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Designing Social Research

Designing Social Research
A Guide for the Bewildered

April 2011 | 224 pages | SAGE Publications Ltd

Using everyday jargon-free language, Designing Social Research guides you through the jungle of setting up a research study. Ian Greener provides guidance on how to practically plan your research and helps you to understand the underpinning methodological principles that should inform your decisions about the methods you plan to use.

This is the perfect book for beginner students and new researchers looking to design a research project and make sense of and justify the many decisions that go into the research design process. It will help you to assess the appropriateness of a range of methods and to understand the strengths and limitations of different approaches to research.

Greener highlights key debates in the field, both philosophical and practical, and presents them in such a way that they remain constantly relevant to research practice of his readers. Coverage includes:

  • Framing an effective research question/problem;
  • Examining the jargon of social research;
  • The links between theory, methodology and method;
  • The role of literature reviewing in research design;
  • Managing and planning the research process;
  • Sampling;
  • Qualitative designs;
  • Quantitative designs;
  • Mixed methods designs;
  • Data analysis.

Designing Social Research will be ideal first reading for undergraduates planning significant research projects for their dissertations. It will also be invaluable to first year PhD students considering how they will go about their research projects.

Introduction to Social Research Design - Or What Are You Talking About?
Defining terms
Some general points about research questions
Some other general guidelines
Some practical examples of how questions, methods and philosophy combine
What's the problem, and how are you going to research it? A logic of appropriateness
Five things to remember about this chapter
Reviewing What Other People Have Said - Or How Can I Tell If Others' Research is Any Good?
Nuts and bolts
The hierarchy of evidence
Reading efficiently and critically, and taking notes
So is the study any good?
Writing a review
Five things to remember about this chapter
Example - 'Qualitative research and the evidence base of policy'
Surveys and Questionnaires - Or How Can I Conduct Research With People at a Distance?
The use of questionnaires - the best (and worst) of quantitative (and qualitative) social research
Surveys and questionnaires
Perspectives on questionnaires
Designing questionnaires
Open and closed responses
Getting questions really clear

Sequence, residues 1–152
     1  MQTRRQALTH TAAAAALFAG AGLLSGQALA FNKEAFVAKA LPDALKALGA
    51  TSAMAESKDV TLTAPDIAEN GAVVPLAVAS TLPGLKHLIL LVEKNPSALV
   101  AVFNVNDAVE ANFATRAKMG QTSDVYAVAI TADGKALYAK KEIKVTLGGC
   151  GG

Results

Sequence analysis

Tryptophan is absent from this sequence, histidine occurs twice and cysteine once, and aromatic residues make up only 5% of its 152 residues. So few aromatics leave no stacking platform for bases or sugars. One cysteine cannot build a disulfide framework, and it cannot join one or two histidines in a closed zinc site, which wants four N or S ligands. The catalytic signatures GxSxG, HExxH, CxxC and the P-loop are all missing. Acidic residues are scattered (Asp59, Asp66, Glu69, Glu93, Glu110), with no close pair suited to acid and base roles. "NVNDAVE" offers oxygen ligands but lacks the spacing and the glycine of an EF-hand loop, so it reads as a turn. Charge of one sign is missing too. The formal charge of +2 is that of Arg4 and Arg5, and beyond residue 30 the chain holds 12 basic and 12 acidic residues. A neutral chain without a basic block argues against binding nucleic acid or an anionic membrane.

Common response forms
Questionnaire design
Analysing and reporting questionnaire responses
Reflexivity and questionnaires
Contentious issues
Conclusion - working with the good and bad of questionnaires
Five things to remember about this chapter
Example - The Paradox of Choice
Elements of Quantitative Design: Sampling and Statistics - Or What Can I Do With Numbers?
Numbers and their importance
What are numbers good for?
The philosophy of quantitative research
Some issues in quantitative analysis - basic descriptive statistics
Five things to remember about this chapter
Example - Super Crunchers
Ethnography as a Research Approach - Or What Do I Gain from Watching People and Talking to Them?
What is ethnography?
When would I want to use an ethnography?
What does it mean to conduct an ethnography?
Philosophical debates around ethnography
What do the differences in approach mean for the resulting ethnography?
What kind of research does an ethnographic research project produce?
How can you increase the chance of doing good ethnographic research?
Conclusion - getting close or producing useless knowledge?
Five things to remember about this chapter
Example - Reading Ethnographic Research
Dealing with Qualitative Data - Or What Should I Do With All These Words?
The aims of qualitative research
Grounded theory, coding and generalisation
The mechanics of grounded theory
Discourse analysis and its variants
Quantitative approaches to textual analysis
Analysing documents
What are the criteria for a good qualitative analysis?
Truth in social research
Conclusion - finding appropriate methods for dealing with your data
Five things to remember about this chapter
Example - The Body Multiple
Causality in your research - or how deep should ontology go?
Ontology and depth
Science, method and causality
Constant conjunction
The world is flat
Going deeper
Levels of analysis
Conclusion - how deep do you need to go?
Five things to remember about this chapter
Example - Rogue Traders and financial losses
Dealing With Time and Control - Or What Time Period Suits My Research, and How Do I Stop the World from Interfering in It?
How does Social research deal with time?
Phenomenology and process philosophy - researching the present
History and political science - researching the past
What time frame fits your research, and how does time affect what you can say?
The openness (and closedness) of systems
A way around the problem of the experimental method - scale and sampling
What are case studies for - an aid to generalisation or an analysis of power and expertise?
Conclusion - time and control in social research